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MLB’s new Field of Dreams game is a great idea on paper, but not in practice

The execution ruins all of the charm.

Sunrise in Brandenburg Photo by Johannes Hennemuth/picture alliance via Getty Images

There is a point, when you are driving to the Field of Dreams movie site just outside Dyersville, Iowa, where you begin to question if you’ve taken a wrong turn somewhere. There are beautiful farms all around, and more corn than you could conceivably imagine, but what there is not, is a single sign indicating the famous farm is anywhere nearby.

Then it appears, almost out of nowhere, and you are dropped right in the middle of the iconic Kevin Costner film. The field is small, charming, and loaded with families attempting to play a quick game of baseball with children who may have never seen the film at all.

I visited in July and played a game of catch deep in the outfield. The bleachers — one along each baseline — look as if they might hold about 50 people each. There is a single souvenir stand selling t-shirts and pins that read “Is this Heaven? No, it’s Iowa.”

On Thursday, MLB announced that quaint little field in the middle of nowhere was going to play host to the first major league game ever played in Iowa. On August 13, 2020, the Chicago White Sox and the New York Yankees will play a regular season game at one of baseball’s most storied locations.

It’s a sweet idea, isn’t it?

Picture the players emerging from the corn as their names are called. Imagine the sun setting over the old farm house.

Now imagine it with 8,000 spectators. Add the media scrum.

Let me tell you about the Field of Dreams baseball field. Its left field is 281 feet down the line, and a mere 262 to right. Dead center is only 314 feet away. In its last use for a game — the 2013 Team of Dreams celebrity match — it was able to hold 6,000 spectators successfully with additional seating. But a regulation park it ain’t.

Naturally the first question is: what kind of insane game is going to be played here? Will the final score of the game be 115-78?

No, because the game isn’t actually being played at the Field of Dreams.

All this excitement and spectacle, and the game isn’t even being played on the actual field. Instead, a temporary 8,000 seat stadium will be constructed nearby. There are plenty of features planned to make folks feel like they’re at the original site, like a window in right field to show off the corn stalks. The design of the temporary park will resemble the White Sox old stadium, Comiskey Park (Chicago is only about 200 miles from Field of Dreams).

I can’t help but feel let down by the whole thing.

The idea of playing a game at Field of Dreams is to play it at the field itself, the very one where Kevin Costner stood and watched his late father emerge, finally fulfilling the prophesy “If you build it, he will come.” Of course in that iconic moment, as Ray and his father play catch, we see hundreds of cars descending on the site, indicating it was not all for nothing.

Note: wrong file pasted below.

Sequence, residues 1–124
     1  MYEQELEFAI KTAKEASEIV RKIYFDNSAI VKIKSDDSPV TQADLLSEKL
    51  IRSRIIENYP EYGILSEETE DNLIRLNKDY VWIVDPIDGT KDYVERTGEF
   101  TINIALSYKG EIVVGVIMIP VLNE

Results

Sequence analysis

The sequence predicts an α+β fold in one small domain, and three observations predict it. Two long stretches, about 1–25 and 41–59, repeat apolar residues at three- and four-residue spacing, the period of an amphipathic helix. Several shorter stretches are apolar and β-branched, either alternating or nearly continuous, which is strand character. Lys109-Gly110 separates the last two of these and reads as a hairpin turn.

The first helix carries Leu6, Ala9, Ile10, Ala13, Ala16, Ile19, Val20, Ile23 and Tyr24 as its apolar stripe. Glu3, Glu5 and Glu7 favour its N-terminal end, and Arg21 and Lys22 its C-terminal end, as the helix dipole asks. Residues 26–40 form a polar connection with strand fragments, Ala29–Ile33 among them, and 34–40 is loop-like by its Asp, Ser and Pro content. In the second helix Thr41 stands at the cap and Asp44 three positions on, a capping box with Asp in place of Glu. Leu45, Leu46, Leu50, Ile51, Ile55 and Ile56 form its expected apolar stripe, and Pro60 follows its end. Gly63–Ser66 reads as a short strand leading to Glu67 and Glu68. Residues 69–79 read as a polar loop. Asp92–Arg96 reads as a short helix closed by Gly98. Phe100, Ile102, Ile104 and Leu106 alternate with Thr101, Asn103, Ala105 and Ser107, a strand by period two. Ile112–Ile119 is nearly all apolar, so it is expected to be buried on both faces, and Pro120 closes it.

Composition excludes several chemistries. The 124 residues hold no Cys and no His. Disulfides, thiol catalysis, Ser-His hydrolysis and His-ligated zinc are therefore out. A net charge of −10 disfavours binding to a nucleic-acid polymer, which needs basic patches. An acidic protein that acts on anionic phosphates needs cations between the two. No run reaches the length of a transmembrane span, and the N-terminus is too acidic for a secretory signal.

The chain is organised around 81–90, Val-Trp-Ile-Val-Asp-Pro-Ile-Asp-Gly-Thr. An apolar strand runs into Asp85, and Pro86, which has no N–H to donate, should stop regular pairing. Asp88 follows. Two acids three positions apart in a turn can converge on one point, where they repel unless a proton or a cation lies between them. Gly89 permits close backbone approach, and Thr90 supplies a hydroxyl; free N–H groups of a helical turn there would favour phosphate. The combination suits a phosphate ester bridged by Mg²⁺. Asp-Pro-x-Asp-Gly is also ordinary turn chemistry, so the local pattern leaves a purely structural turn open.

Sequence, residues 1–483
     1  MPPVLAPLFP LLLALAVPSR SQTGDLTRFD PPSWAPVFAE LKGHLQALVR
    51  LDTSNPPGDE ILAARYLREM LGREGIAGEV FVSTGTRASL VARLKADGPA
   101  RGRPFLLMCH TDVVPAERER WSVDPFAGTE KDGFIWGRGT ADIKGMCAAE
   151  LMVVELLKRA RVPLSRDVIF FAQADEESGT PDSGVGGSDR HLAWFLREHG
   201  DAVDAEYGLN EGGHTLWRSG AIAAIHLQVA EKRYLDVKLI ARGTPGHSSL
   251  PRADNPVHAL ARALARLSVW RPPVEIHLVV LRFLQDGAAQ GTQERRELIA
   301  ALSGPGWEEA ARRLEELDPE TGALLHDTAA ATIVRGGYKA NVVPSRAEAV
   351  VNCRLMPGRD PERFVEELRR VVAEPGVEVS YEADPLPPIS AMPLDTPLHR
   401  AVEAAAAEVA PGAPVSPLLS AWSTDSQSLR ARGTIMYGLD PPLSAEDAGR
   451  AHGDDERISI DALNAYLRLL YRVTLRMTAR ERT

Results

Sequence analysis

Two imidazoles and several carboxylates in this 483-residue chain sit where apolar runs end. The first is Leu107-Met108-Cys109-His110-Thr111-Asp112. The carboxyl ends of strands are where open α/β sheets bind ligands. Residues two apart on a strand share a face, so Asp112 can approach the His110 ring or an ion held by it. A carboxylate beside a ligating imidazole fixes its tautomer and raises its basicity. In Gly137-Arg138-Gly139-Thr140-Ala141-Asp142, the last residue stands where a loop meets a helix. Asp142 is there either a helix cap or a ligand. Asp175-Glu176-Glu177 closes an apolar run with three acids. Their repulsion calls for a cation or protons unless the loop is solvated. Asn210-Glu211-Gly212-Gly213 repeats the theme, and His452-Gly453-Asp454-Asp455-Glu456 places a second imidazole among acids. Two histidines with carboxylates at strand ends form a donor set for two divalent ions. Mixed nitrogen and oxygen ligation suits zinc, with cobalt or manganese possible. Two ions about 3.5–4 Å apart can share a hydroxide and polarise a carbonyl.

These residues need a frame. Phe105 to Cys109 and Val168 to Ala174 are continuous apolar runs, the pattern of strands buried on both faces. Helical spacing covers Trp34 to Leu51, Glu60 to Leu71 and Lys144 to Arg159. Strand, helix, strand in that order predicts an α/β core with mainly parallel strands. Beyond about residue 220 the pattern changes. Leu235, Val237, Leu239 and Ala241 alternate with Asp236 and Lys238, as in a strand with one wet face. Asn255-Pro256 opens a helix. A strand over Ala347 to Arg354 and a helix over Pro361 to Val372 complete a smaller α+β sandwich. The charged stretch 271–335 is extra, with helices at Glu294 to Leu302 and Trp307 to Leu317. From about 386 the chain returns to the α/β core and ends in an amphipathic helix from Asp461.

Instead of playing the game there, fans will follow a pathway through the corn to the new, modern temporary stadium, one large enough to cater to professional athletes, press, and fans expecting modern amenities and comforts.

MLB Commissioner Rob Manfred said, “We look forward to celebrating the movie’s enduring message of how baseball brings people together at this special cornfield in Iowa.”

White Sox chairman Jerry Reinsdorf added, ″Field of Dreams is an iconic, generational baseball story built upon a deep love of the game that transcends even the most impossible of circumstances. The filmmakers tell a beautiful story that resonates to this day.”

Certainly the movie lives on as one of the most beloved baseball films of all time, and it’s admirable for MLB to want to capture the spirit of people coming together to rejoice in the pure spirit of the game.

Instead, the site will be stripped of its charm by adding a new, larger park. Incredible amounts of money will be spent crafting the new temporary park to play host to a single game. Meanwhile there are five minor league clubs nearby: the Iowa Cubs, Burlington Bees, Cedar Rapids Kernels, Clinton LumberKings, and the Quad City River Bandits. These are all teams that are underpaying their minor league players.

Iowa clearly loves baseball, but is it necessary to build a brand new field for a single game, just so MLB can pat itself on the back over how romantic they are about baseball? How long will it take for the used field to return to normal after the event, and is anything being paid or donated to the Field of Dreams movie site, which relies on donations, or private rentals to stay open so that fans are able to visit for free?

On paper, this idea is lovely, but in practice it lacks any of the warmth and charm of a game played on the actual field.

If they build it, folks will come — seat prices and availability will be announced in the coming months — but this feels cheap, and counter to the spirit of the field itself.